This research from McGill University (Montréal, Canada) focuses on enzymes and their possible utility as nanomachines for producing drugs. (For the uninitiated, nano means billionth, which, in turn, means these enzymes are measured at the nanoscale.)
Many of the drugs and medicines that we rely on today are natural products taken from microbes like bacteria and fungi. Within these microbes, the drugs are made by tiny natural machines – mega-enzymes known as nonribosomal peptide synthetases (NRPSs). A research team led by McGill University has gained a better understanding of the structures of NRPSs and the processes by which they work. This improved understanding of NRPSs could potentially allow bacteria and fungi to be leveraged for the production of desired new compounds and lead to the creation of new potent antibiotics, immunosuppressants and other modern drugs.
“NRPSs are really fantastic enzymes that take small molecules like amino acids or other similar sized building blocks and assemble them into natural, biologically active, potent compounds, many of which are drugs,” said Martin Schmeing, Associate Professor in the Department of Biochemistry at McGill University, and corresponding author on the article that was recently published in Nature Chemical Biology. “An NRPS works like a factory assembly line that consists of a series of robotic workstations. Each station has multi-step workflows and moving parts that allow it to add one building block substrate to the growing drug, elongating and modifying it, and then passing it off to the next little workstation, all on the same huge enzyme.”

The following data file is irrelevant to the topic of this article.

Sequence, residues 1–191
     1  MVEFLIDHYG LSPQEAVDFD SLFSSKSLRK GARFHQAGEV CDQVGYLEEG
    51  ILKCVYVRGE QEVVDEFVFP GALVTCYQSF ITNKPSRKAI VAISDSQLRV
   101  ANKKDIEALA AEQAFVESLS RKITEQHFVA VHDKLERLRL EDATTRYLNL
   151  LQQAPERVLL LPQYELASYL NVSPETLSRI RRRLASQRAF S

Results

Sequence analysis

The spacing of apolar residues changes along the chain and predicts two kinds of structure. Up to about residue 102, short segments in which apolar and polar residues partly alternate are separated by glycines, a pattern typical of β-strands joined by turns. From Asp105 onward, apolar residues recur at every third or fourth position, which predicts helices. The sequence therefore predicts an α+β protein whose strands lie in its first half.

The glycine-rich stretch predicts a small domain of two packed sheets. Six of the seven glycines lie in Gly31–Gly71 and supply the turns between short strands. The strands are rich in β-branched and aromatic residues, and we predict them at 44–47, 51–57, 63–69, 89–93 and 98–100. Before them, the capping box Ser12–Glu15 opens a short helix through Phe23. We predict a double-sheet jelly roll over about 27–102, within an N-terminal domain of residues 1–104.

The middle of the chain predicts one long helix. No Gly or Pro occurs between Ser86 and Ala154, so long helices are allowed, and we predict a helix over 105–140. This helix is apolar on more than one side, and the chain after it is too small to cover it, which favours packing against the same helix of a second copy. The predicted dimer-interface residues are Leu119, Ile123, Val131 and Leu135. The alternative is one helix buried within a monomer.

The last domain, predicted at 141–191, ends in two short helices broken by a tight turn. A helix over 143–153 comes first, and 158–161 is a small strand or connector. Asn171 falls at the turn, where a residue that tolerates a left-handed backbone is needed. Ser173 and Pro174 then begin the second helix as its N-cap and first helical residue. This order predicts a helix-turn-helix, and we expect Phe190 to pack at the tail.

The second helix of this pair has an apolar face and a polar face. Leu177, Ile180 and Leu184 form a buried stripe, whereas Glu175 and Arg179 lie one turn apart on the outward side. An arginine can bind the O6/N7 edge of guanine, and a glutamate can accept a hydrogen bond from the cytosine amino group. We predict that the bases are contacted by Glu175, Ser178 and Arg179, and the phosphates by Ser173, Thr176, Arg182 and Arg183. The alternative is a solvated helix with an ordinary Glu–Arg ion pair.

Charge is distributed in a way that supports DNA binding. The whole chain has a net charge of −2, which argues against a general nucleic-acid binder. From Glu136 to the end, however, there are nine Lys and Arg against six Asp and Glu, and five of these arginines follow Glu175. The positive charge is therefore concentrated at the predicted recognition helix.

Ultra-intensive light beam allows scientists to see proteins
n their paper featured on the cover of the May 2020 issue of Nature Chemical Biology, the team reports visualizing an NRPS mechanical system by using the CMCF beamline at the Canadian Light Source (CLS). The CLS is a Canadian national lab [these types of labs are sometimes called synchrotrons] that produces the ultra-intense beams of X-rays required to image proteins, as even mega-enzymes are too small to see with any light microscope.
“Scientists have long been excited about the potential of bioengineering NRPSs by identifying the order of building blocks and reorganizing the workstations in the enzyme to create new drugs, but the effort has rarely been successful,” said Schmeing. “This is the first time anyone has seen how these enzymes transform keto acids into a building block that can be put into a peptide drug. This helps us understand how the NRPSs can use so very many building blocks to make the many different compounds and therapeutics.”
This is a scattering of events, which I’m sure will be augmented as we properly start the month of October 2019.
October 2, 2019 in Waterloo, Canada (Perimeter Institute)
If you want to be close enough to press the sacred flesh (Sir Martin Rees), you’re out of luck. However, there are still options ranging from watching a live webcast from the comfort of your home to watching the lecture via closed circuit television with other devoted fans at a licensed bistro located on site at the Perimeter Institute (PI) to catching the lecture at a later date via YouTube.
That said, here’s why you might be interested,
Here’s more from a September 11, 2019 Perimeter Institute (PI) announcement received via email,
Surviving the Century MOVING TOWARD A POST-HUMAN FUTURE Martin Rees, UK Astronomer Royal Wednesday, Oct. 2 at 7:00 PM ET
Advances in technology and space exploration could, if applied wisely, allow a bright future for the 10 billion people living on earth by the end of the century.
But there are dystopian risks we ignore at our peril: our collective “footprint” on our home planet, as well as the creation and use of technologies so powerful that even small groups could cause a global catastrophe.